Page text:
They take journey planning seriously in Holland. A bus, tram or railway timetable can be the source of as much lengthy and animated conversation as politics, the weather or even football.
What’s different is that virtually everyone in the Netherlands has to be a bit of an expert when it comes to getting from A to B. The public transport system may be excellent, but the 15.5 million population is, quite simply, far too large for such a small country especially as the majority are bunched together in the centre of the land.
The capacity for congestion, travel delay and over-complexity in moving this massive group of people around by train, tram, bus and car is vast. Which is why a few years ago, the Dutch state railway company Nederlandse Spoorwagon (NS) created a small team of innovators charged with automating the group’s timetable system.
Three years ago, NS sold its ‘ideas’ unit to US software giant EDS. Eduard Tulp of EDS says the in-house group had already completed some quite advanced work on creating a software suite called Journey Planner for the railway company and its enquiry desks.
The system, introduced in 1988, has since been adapted in a variety of forms. A version directly available to the public has been a big seller with an information-hungry Dutch public. What EDS has done is to take the seeds of the basic idea and sow them to a far greater audience, says Tulp.
Like all good ideas, Journey Planner was based on some solid fundamentals. The core of the system is a set of routing software giving the best travel possibilities based on actual timetable information, date and departure or arrival time. As well as suggesting the quickest route, the system tries to find routes which take a bit longer but need fewer changes.
Journey Planner was used throughout the organisation and at all enquiry offices, transforming the reliability and speed of information passed on to passengers.
Turning its attention to the trains themselves, the group devised a mobile application called Railpocket, a hand-held Hewlett Packard 200 LX palmtop computer, with a range of options for NS’s 3,000 conductors and platform personnel.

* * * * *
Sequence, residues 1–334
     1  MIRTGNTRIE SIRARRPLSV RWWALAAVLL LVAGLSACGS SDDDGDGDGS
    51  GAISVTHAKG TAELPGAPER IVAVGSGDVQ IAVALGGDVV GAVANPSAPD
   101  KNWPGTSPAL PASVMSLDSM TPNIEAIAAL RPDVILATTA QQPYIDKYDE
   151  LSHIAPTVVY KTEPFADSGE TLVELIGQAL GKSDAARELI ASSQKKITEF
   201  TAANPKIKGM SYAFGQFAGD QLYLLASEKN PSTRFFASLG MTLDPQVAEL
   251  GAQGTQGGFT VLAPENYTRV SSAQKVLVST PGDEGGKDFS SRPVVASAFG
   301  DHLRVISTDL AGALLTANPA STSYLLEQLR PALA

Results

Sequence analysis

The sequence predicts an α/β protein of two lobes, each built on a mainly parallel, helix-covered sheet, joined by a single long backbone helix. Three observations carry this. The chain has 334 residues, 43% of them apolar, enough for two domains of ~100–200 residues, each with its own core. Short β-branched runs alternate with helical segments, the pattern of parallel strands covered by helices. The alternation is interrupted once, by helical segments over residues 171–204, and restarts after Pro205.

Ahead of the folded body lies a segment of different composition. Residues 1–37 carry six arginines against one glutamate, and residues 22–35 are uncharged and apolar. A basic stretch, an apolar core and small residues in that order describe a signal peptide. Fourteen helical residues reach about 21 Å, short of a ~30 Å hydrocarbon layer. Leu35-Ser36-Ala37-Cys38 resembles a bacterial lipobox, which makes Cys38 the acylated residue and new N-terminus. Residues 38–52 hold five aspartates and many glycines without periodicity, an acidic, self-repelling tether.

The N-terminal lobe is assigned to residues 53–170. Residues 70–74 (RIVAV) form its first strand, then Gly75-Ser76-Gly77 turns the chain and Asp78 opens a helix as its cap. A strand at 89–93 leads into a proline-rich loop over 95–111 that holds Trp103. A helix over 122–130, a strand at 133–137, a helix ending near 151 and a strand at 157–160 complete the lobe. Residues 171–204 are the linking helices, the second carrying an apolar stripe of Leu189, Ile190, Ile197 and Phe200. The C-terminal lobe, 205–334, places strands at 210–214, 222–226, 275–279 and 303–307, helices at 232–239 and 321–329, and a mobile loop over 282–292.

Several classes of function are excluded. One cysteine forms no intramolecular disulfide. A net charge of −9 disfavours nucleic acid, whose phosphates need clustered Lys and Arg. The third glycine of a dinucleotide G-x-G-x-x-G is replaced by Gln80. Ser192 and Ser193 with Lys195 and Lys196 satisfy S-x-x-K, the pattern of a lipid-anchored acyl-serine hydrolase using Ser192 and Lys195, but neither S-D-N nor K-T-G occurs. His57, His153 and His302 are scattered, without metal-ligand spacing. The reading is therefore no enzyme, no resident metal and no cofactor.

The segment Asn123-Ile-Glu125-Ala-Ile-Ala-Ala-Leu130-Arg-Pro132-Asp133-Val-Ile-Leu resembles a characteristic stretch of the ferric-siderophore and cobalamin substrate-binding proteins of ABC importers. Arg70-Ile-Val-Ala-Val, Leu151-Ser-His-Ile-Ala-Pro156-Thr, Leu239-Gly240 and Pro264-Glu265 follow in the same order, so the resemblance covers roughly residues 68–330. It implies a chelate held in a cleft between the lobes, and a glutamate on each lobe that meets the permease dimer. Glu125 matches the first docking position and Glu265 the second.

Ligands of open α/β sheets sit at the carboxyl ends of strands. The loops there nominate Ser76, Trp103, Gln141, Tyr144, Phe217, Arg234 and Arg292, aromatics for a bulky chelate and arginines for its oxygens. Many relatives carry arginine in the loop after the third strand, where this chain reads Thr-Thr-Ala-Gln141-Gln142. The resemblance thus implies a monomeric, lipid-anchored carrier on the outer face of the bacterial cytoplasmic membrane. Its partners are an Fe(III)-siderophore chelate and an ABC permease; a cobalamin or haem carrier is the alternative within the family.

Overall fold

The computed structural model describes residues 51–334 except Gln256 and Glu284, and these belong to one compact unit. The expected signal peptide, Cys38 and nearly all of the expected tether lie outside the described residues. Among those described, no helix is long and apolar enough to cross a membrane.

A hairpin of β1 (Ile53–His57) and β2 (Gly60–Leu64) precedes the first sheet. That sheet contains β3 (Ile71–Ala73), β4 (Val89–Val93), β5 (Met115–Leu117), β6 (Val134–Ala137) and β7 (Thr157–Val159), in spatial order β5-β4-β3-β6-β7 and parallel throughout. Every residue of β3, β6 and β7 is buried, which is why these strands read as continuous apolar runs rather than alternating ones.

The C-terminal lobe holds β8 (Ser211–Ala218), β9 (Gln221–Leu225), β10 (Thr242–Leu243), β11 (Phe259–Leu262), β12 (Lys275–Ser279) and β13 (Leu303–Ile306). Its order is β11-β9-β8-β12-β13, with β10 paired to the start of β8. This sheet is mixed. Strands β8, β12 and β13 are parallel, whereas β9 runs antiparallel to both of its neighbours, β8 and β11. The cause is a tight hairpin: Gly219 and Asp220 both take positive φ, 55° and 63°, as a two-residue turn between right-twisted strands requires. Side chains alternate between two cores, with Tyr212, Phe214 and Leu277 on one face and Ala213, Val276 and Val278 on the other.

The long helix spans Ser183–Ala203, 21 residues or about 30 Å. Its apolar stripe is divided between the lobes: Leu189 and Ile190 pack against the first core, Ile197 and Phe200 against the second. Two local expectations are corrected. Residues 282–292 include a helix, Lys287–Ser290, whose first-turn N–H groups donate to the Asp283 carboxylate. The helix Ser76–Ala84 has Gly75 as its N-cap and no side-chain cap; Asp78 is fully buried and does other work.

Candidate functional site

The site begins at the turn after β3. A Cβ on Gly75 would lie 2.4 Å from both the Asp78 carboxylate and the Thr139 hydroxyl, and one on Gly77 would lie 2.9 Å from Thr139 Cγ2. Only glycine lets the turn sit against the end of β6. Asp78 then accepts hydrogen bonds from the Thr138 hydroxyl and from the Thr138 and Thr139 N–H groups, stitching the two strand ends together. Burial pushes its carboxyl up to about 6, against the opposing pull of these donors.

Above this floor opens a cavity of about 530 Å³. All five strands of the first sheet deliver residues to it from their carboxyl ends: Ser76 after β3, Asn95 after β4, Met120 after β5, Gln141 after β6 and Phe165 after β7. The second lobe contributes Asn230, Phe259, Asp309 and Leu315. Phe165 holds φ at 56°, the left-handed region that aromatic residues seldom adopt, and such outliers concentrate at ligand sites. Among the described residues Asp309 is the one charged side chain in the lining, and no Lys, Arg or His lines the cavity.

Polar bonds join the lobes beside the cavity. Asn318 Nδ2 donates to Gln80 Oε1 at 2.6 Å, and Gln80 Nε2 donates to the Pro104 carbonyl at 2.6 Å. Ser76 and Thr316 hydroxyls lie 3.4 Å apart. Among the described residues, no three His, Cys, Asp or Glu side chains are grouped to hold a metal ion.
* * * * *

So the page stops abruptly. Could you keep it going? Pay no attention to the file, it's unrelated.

Eduard Tulp says EDS has taken the idea into a number of other European countries: ‘It is now in use all over Scandinavia in Denmark, Sweden and Finland where it’s very successful. The thinking is that it will find application in many more countries as well.’
But what about the UK, with its varied, privatised and decentralised rail system? ‘We’re already in the UK market, in that we independently market a UK Railway Planner system,’ says Tulp. ‘That’s possible because the rail regulators have made all the information freely available. Railtrack has a central database which is available to us so it was a simple task to integrate that information with the software.’
But this is only marketed direct to the general public. EDS has yet to sell either an information or ticketing system to the independent railway operators in Britain, but believes it is only a matter of time before this happens. In the meantime, the group is forging ahead with newer, more advanced versions of the original idea.
The goal is to embrace the entire public transport system, from trams, to trains, to buses and even ferry crossings. In Sweden, a digital map of Stockholm was created in one version of the system, which enable users to plan their journey with awesome accuracy. There’s even a module which lets you estimate how long it will take you to walk between different transport modes.
Tulp says the possibilities are endless: ‘We can help with all sorts of journey planning for multimodal or intermodal trips and I can also see it being used to plan car trips. But at the moment our big customers are all public transport networks and I guess they would not be too happy if we were to give this planning capability to their biggest competitors cars.’
Alan Dickey in Amsterdam